Indissociable from the history of photography,”street photography” has been a genre in its own right since its beginnings. It still seduces amateurs, artists, collectors and gallery owners. A genre well-defended by the gallery GADCOLLECTION in Paris.
With the practice of the open-air studio for painters during the 19th century (Barbizon school, impressionists…), the artist got used to represent the immediate motif he had in front of him. When photography appeared, a painting of the street in big cities naturally took place, with the daily wandering of the streams of passers-by, the feeling of depersonalization at work in the metropolis or the beauty emerging from a certain chaos.
As early as 1877, the British photographer John Thomson, accustomed to field photography during his travels in Asia, took portraits of the inhabitants of London, focusing in particular on small trades such as children shining shoes or itinerant fruit and vegetable sellers. He published these photographs under the name Street Life in London. In France, a few years later, Eugene Atget made a picture of old Paris, also a portrait of the small jobs workers, in a solitary and mysterious quest, accentuating the interest of artists for street photography.
The American Berenice Abbott, who discovered the work of the latter alongside Man Ray, was inspired. She herself showed prints to the young Walker Evans who was shocked. He would later say that Eugène Atget was his great source of inspiration, he would also become a very important street photographer.
The “street photo” was born, with a particularly American expansion afterwards, a corollary of the advent of big cities, with streets life, what happens there, between children’s games and chance encounters. This is what we can see with the very elegant black and white photographs of George Tice, represented by the GADCOLLECTION gallery. These toddlers walking on a huge road in the Great American Plains, with a typical farmers’ straw hat on their heads and the overalls that go with it… Other photographs that emerge like an American myth: this drive-in that evokes the frightening silence of an Edward Hopper painting or the huge eagle’s head perched on top of the Chrysler building in New York that seems to split the air.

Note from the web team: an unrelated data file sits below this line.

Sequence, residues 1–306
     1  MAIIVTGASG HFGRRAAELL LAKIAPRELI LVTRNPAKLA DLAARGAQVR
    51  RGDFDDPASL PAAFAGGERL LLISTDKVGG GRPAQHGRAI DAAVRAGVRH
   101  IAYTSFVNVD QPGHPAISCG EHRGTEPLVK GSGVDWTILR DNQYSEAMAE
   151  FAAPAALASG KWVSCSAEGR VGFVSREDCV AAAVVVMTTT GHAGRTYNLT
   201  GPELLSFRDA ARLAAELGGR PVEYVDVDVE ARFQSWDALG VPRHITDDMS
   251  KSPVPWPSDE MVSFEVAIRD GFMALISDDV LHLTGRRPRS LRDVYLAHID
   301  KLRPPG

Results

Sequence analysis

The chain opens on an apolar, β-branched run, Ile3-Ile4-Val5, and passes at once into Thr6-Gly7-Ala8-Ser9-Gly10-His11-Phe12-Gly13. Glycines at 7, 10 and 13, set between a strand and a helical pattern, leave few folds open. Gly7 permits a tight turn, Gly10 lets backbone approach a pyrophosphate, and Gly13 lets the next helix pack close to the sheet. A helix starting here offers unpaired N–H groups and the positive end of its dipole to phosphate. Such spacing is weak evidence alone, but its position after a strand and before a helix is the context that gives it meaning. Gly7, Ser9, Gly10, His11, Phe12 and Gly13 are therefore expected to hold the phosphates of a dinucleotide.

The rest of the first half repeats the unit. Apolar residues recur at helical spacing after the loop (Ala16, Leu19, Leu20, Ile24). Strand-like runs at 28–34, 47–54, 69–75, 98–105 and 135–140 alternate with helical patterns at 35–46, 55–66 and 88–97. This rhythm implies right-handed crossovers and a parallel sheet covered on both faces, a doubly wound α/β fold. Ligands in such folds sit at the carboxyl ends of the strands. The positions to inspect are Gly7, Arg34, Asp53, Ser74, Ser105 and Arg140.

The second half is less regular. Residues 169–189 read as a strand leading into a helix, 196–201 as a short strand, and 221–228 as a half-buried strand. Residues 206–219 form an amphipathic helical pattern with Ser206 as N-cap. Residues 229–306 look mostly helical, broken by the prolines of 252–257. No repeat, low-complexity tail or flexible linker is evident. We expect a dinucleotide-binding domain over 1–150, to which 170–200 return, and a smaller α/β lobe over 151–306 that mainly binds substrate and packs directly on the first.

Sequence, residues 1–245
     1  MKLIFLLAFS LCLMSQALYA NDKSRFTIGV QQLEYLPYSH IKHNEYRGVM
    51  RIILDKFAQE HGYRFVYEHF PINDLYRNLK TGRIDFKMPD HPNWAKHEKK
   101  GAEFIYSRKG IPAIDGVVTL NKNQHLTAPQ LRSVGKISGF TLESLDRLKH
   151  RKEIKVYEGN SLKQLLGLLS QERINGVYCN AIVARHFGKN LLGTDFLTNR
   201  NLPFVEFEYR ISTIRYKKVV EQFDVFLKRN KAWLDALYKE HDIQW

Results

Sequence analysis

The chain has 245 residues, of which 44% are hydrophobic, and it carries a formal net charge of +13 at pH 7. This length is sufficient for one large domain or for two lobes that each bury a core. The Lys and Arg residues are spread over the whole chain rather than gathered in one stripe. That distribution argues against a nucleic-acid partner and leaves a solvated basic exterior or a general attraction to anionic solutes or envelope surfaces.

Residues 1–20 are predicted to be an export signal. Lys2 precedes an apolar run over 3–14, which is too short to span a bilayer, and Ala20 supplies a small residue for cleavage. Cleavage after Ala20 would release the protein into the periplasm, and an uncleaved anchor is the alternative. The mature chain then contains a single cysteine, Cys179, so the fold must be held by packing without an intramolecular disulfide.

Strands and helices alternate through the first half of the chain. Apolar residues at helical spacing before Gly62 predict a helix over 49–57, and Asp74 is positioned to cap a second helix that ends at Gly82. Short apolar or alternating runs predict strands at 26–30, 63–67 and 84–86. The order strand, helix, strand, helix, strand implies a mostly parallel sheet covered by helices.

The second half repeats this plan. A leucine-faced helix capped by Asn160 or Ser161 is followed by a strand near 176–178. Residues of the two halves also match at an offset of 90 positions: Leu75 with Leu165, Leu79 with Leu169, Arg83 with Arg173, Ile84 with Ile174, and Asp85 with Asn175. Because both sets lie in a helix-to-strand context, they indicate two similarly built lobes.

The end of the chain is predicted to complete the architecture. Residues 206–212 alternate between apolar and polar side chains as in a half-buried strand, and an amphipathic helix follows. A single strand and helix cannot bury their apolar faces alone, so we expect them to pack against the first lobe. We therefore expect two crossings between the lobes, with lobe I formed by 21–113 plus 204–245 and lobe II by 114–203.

Many street photographers have plunged into the arteries of New York City and have become photographic legends: Paul Strand, Robert Frank, Helen Levitt for example. In the 2000s, the photographer and poet Alice Attie, also supported by the GADCOLLECTION gallery, produced a magnificent series on a Harlem neighborhood. She manages to capture the mood of a sweet melancholy, portraying the inhabitants who willingly offer themselves to her lens, the walls behind them – red bricks or covered with graffiti – giving the universe of the city present in her work.
Another urban poetry that will remain in the history of street photography: the subtle shots of Saul Leiter. The latter realized sublime urban paintings diluted by rainwater or the evanescence of a trace of mist on a window, offering a new clarity to our eyes tired of the asphalt.
The French photographer Éric Houdoyer is inspired by master Leiter’s photographs and literally plays with light, which he seems to see as a singular element of enhancement, tracking here the effect of the reflection of a car window or the beauty of an anonymous profile behind the front of a café. His photographs can remind us of a succession of shots from a detective film where, like the aesthetics of director Todd Haynes, the photographer tracks down a certain softness in an ambient darkness.
It would take too long to list all the street photographers, but let’s note that this genre of photography has only gained in power and will go so far as to be the trademark of certain associations of photographers, galleries or agencies, such as Magnum founded by Henri Cartier-Bresson and Robert Capa, Today, street photo works such as those of Raymond Depardon, Miguel Rio Branco or Khalik Allah, the work of the latter even qualified as “street opera” for the beauty of the very expressive faces of the passers-by at night illuminated by the city.
It should be noted that some photographers like to give a more general and anonymous aspect to the immensity of the metropolis, choosing rather than the detailed portrait, a certain general view, thus trying to make us feel the abysmal aspect of the great city, its construction in the form of a human anthill. Stephen Wilkes, born in 1957, creates breathtaking views of emblematic places, such as the Sacré-Cœur in Paris or Trafalgar Square in London. He combines on the same image a whole series of photographs taken on the same day and shows how much our urban spaces are inhabited, populated by a dazzling animation, as it is particularly the case in Times Square where the famous yellow cabs look like a golden river that never stops flowing.
The following artists listed above are represented by GADCOLLECTION: George Tice, Alice Attie, Éric Houdoyer and Stephen Wilkes.
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